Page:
Author- Simran Upadhyaya
“TalaqTalaqTalaq” –the three horrendous words responsible for the destruction of the lives of millions of Muslim wives was outlawed by the Indian Government on the adoption of the Muslim Women (Protection of Rights on Marriage) Act, 2019.[i] This act outlaws the practice of Triple Talaq, also known as Talaq-e-biddat, which allowed Muslim men in India to divorce their wives, by one-time triple-pronouncement of the word Talaq.[ii] This ancient practice has been banned in 22 countries globally including Saudi Arabia, Egypt, Pakistan, Bangladesh, Malaysia.[iii] Therefore, this was much-needed legislation in a diverse country like India to provide Muslim women with an equal footing in access to justice to be at par with women of other religious sects.
Islam imbibes the practice of annulment of a marriage in various forms- Talaq-e- Ahsan, Talaq-e-Hasan and Talaq -e-biddat.[iv]The third form, because of its convenient nature, is the most common. A Muslim man can by just uttering a few words divorce his wife with immediate effect. He doesn’t need to provide a justification and his pronouncement stands irrevocable.[v]Moreover, the evil practice of Triple Talaq leaves the Muslim women helpless as they are deprived of alimony, dowry property and custody over children. A pioneer in the fight for the rights of Muslim women in India, Shah Bano,[vi]who had been divorced by her husband under Triple Talaq, was the first woman to approach the Indian courts for her right to maintenance under Section 125 of Code of Criminal Procedure, (‘the CrPC’) 1973.[vii] The verdict of Shah Bano case laid down that Section 125 of the CrPC[viii] is cut across religious barriers, and therefore, a Muslim man is obligated to maintain his divorced wife, generally seen as being unable to provide for herself until she is remarried.[ix] Moreover, Section 125 is not against the provisions of the personal laws of the Muslim and hence a Muslim woman is entitled to remedy under the same.[x] Subsequently, this case brought forward the legislation of Muslim Women (Protection of Rights on Divorce) Act 1986,[xi] which dealt with issues of divorces and maintenance of Muslim women.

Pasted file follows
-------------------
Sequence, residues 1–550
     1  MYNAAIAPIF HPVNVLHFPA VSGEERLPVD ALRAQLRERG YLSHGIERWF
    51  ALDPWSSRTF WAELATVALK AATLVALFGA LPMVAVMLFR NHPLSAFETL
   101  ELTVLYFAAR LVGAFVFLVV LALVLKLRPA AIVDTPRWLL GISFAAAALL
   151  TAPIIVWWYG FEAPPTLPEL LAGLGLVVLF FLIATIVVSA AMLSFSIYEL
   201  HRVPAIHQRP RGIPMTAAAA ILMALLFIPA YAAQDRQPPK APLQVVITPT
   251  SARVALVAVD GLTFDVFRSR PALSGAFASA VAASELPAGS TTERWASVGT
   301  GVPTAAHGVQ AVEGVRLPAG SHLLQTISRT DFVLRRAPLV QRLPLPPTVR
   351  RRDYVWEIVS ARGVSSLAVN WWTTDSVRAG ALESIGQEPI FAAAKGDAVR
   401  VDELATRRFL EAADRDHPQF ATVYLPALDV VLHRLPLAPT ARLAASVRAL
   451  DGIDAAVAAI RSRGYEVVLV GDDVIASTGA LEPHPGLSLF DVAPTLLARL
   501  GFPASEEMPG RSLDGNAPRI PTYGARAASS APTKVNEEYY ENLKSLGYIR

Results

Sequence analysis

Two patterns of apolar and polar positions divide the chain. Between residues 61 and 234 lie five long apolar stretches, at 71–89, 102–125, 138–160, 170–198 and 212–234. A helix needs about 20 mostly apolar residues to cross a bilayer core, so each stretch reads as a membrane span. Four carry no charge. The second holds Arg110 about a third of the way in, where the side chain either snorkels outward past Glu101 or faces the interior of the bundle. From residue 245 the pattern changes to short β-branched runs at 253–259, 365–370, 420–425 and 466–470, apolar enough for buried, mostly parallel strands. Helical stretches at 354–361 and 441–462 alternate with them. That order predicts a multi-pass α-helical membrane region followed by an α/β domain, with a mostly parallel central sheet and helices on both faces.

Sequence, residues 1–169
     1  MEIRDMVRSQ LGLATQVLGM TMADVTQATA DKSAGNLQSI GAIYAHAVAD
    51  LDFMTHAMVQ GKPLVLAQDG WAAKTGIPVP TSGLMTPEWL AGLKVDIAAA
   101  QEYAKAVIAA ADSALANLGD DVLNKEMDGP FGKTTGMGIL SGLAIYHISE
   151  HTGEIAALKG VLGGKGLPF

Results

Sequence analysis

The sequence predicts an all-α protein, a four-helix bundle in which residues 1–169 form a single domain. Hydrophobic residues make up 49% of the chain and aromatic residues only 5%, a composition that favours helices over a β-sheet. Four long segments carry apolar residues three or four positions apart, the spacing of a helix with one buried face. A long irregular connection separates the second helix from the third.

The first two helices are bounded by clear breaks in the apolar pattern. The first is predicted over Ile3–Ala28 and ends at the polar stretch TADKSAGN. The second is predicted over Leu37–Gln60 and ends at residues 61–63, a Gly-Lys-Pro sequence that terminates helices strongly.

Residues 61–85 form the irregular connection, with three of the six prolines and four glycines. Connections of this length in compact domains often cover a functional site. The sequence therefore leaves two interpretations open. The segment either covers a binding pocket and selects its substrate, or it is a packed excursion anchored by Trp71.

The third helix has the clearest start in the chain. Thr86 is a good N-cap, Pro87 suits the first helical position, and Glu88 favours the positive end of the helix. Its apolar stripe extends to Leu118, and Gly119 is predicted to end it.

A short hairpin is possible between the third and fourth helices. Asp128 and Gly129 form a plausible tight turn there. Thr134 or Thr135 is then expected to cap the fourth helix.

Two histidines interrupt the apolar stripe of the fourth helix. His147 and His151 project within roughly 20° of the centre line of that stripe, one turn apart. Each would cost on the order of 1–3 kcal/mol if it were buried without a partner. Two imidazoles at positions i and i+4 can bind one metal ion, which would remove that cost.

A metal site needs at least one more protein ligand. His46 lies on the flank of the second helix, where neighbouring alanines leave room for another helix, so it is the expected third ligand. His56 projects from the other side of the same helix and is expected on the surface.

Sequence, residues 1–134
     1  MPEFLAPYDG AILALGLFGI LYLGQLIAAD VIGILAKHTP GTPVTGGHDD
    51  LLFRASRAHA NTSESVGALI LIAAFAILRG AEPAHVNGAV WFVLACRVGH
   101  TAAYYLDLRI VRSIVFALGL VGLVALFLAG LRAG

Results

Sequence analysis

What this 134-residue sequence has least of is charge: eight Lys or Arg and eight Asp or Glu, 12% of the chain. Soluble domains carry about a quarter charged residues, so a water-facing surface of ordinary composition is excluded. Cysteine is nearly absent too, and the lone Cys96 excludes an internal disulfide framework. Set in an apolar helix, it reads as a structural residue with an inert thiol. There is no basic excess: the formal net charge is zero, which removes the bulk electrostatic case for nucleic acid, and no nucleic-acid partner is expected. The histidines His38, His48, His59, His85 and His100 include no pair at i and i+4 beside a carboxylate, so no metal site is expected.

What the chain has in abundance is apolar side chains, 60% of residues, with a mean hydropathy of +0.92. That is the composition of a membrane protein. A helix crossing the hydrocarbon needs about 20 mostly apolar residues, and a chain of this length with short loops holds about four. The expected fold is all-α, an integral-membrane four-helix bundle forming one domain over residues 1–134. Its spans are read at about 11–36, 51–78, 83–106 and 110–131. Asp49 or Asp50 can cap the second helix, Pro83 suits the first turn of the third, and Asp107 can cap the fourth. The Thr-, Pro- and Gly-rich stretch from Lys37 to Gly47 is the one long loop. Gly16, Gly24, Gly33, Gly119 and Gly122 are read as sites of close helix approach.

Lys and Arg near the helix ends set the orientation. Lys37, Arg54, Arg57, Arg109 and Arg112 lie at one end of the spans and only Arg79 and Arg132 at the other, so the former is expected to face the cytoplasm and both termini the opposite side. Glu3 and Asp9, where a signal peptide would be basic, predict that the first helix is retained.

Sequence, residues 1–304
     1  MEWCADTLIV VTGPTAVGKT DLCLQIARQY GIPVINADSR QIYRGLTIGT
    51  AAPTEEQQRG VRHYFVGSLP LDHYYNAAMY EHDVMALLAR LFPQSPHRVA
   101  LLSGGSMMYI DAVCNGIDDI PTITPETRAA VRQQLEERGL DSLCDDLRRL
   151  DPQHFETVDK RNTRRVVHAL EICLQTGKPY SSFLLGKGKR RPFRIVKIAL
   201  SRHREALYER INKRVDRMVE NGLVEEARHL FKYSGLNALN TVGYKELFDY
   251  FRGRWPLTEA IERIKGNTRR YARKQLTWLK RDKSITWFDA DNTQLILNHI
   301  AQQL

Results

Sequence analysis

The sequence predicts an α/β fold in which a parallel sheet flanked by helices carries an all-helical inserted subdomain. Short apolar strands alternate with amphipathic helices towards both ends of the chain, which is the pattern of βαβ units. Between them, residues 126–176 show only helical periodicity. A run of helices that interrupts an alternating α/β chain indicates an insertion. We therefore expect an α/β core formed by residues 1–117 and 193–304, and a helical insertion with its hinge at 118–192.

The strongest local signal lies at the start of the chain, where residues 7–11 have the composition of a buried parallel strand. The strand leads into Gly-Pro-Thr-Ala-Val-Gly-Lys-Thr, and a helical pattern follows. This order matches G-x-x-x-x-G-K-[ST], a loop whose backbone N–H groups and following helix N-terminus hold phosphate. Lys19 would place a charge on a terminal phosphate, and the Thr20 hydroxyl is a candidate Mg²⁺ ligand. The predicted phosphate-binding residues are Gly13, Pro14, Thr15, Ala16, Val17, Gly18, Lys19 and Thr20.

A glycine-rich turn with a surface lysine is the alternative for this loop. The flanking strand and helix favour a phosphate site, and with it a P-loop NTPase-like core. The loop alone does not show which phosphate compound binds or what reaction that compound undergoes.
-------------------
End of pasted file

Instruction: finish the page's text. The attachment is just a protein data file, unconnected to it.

Another landmark case, which changed the plight of Muslim women of India, was the ShayaraBano case[xii]. In 2016, ShayaraBano (who had been divorced by her husband by pronouncing Talaq thrice) approached the apex court to declare Triple Talaq as void ab initio and unconstitutional.[xiii] She argued that the practice violated the rights guaranteed under Articles 14[xiv], 15[xv] and 21[xvi] of the Constitution of India as it was “arbitrary and discriminatory”.[xvii] After a lengthy discussion, the majority of judges declared such form of divorce to be unconstitutional.[xviii] It laid down that Triple Talaq was not protected under Article 25[xix] of the Indian Constitution based on the essentiality test[xx]. In the judgement, Hon’ble Justice Nariman makes it clear that areligious practice can be considered essential when the tenets of the religion are based on that particular practice.[xxi] But Islam has many sects that do not follow Triple Talaq as a custom,[xxii] and it is also against the basic principles of the Holy Quran.[xxiii]Above all, Triple Talaq is not an indispensable religious practice of the Muslims, which needed to be protected under Article 25.[xxiv]Furthermore, the court declared the practice to be arbitrary since the marital tie was broken according to the wishes of the husband without providing any room for reconciliation, which violated Article 14 of the Indian Constitution.[xxv] Hence the Court struck down Triple Talaq and declared it to be void.[xxvi]This judgement paved way for drafting the Muslim Muslim Women (Protection of rights on Marriage) Bill 2017,[xxvii] which was finally passed by both the houses of the Parliament as the Muslim Women (Protection of rights on Marriage) Act, 2019.[xxviii]This act is like a torchbearer for the Muslim women who now can come together to work for their self- empowerment,and safeguard their fundamental rights against gender-based discrimination.